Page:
Myanmar Donor Conference must put people before political differences

Emergencies, Media Releases article written on the 22 May 2008

International agency Oxfam said today (May 22) that donor governments must make the promise of the ASEAN “aid bridge” a reality and the focus on getting desperately needed aid into Myanmar the one and only objective of this weekend’s meeting.
Oxfam Australia’s Director of Public Policy, James Ensor said that a humanitarian crisis is unfolding in Myanmar and that the threat of a second wave of death must drive discussions at the donor conference on Sunday.
He said that cooperation, compromise and a creative response was the way to get more aid into the Irrawaddy Delta.
“Some aid is getting through and there are signs that more will be delivered but not in enough quantity and not quickly enough. The aid bridge that ASEAN has begun to create into Myanmar must rapidly become a highway wide enough to meet the needs of the people in the hardest hit areas,” said Mr Ensor.
After weeks of uncertainty about how to get access to assist those affected by Nargis, ASEAN on Monday announced that they would lead a coordinating mechanism that would work closely with the UN to get more aid into Myanmar.
“The ASEAN initiative is a real chance to begin the turnaround for the people of Myanmar. The donor community must also seize this opportunity and fully support it,” Mr Ensor said.
“A long-haul and massive aid effort will be needed as part of the ASEAN mechanism. The international aid community, which includes aid workers from many countries and agencies around the world, need to support and assist in this effort with technical expertise, experience and skills.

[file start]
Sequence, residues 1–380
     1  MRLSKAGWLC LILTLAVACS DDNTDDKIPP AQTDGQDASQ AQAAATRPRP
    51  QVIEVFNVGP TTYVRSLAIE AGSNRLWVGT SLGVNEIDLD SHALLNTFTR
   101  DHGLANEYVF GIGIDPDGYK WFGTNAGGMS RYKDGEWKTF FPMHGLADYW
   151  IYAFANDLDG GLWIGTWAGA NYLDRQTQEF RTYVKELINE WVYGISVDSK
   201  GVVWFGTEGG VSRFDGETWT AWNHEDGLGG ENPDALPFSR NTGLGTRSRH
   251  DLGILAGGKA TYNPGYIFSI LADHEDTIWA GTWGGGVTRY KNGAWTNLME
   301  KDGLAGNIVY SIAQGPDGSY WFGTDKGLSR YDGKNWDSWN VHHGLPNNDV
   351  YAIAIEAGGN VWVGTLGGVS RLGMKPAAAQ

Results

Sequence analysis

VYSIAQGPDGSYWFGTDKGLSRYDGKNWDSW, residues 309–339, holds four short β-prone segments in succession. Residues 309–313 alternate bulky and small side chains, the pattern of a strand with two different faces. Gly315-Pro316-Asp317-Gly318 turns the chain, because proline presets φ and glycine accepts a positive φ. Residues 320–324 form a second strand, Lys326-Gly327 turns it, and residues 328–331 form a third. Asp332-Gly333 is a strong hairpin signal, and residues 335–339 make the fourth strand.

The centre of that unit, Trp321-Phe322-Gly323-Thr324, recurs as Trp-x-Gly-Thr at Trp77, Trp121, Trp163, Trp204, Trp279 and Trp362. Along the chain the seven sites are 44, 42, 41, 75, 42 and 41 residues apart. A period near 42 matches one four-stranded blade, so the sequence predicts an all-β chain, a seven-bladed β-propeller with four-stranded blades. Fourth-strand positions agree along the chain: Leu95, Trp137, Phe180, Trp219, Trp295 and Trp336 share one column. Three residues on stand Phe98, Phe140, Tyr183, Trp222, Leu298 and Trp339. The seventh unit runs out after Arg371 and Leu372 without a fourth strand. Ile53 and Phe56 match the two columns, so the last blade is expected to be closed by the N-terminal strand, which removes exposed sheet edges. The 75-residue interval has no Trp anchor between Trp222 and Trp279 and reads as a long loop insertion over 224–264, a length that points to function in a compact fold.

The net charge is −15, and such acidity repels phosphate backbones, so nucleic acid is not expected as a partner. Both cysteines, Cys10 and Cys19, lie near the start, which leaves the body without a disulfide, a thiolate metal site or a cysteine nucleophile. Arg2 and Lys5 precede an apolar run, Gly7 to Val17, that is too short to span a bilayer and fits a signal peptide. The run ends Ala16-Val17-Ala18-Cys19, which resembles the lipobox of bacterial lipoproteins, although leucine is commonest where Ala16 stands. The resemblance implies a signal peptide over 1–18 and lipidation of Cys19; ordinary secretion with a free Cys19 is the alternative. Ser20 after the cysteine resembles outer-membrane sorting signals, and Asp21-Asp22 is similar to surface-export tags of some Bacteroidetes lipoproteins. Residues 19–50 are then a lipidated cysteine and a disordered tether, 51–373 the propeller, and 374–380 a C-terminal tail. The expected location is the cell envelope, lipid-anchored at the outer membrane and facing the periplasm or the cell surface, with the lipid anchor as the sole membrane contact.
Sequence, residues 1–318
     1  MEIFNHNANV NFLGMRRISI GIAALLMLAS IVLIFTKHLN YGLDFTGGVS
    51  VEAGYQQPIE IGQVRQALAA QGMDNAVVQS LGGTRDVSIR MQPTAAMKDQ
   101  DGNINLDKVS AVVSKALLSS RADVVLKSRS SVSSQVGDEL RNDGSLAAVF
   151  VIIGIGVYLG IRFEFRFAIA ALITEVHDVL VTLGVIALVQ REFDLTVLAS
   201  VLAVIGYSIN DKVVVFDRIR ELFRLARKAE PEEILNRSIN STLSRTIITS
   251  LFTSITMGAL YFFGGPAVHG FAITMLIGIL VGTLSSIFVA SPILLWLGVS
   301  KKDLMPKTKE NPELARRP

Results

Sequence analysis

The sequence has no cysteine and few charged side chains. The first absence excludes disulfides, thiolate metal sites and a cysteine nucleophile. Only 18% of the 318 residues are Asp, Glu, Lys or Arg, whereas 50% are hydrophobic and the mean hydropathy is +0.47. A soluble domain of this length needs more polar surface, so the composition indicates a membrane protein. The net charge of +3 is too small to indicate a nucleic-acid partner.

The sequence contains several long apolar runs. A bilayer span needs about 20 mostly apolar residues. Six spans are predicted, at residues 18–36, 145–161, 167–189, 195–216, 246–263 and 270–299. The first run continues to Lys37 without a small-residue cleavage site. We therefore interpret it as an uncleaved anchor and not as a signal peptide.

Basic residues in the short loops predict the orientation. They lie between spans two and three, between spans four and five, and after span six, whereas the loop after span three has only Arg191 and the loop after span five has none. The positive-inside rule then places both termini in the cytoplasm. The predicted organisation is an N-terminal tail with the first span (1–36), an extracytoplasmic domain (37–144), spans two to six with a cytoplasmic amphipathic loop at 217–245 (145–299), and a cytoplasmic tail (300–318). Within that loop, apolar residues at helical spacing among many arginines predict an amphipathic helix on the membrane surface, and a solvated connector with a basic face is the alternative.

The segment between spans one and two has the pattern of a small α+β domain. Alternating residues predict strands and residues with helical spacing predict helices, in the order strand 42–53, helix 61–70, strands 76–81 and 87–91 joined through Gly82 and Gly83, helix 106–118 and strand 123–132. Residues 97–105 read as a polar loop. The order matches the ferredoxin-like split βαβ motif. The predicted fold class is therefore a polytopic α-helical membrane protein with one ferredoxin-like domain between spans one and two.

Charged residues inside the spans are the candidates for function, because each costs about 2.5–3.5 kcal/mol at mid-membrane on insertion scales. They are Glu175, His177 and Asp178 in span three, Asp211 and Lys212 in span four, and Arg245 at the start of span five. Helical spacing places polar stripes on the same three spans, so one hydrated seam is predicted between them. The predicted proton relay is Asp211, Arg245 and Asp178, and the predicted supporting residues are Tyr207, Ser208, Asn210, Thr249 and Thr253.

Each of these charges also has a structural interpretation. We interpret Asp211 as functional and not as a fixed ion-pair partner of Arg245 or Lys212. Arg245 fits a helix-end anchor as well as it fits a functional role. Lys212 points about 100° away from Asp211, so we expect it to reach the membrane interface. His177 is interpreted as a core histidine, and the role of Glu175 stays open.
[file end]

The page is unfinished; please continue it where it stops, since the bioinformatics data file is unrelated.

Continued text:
“While aid has reached some people in the Delta region major gaps remain in the level and speed of the response – particularly in crucial areas of clean water, shelter, emergency food and medical supplies,” Mr Ensor said.
Aid agencies estimate that approximately 350,000 people still remain homeless. Oxfam said that homeless and hunger need to be addressed urgently. According to the UN World Food Programme only 250,000 of 750,000 people in need of urgent food had been reached with a two-week ration of rice. Food aid was vital. With the fast-approaching monsoon season and the end of the planting season in 5 to 7 weeks, prompt action is necessary if further unnecessary suffering is to be avoided.
Oxfam said while ASEAN was working to resolve issues around access into the country it was vital that donors and aid agencies worked to help ensure access within the country to the hardest hit areas, particularly along the waterways and the dirt roads that have been all but washed away.
“As representatives from rich world governments meet this weekend they must harness ASEAN’s task force and offer it financial and skilled support so that there are no more delays in getting help to those people who so desperately need it,” Mr Ensor said.
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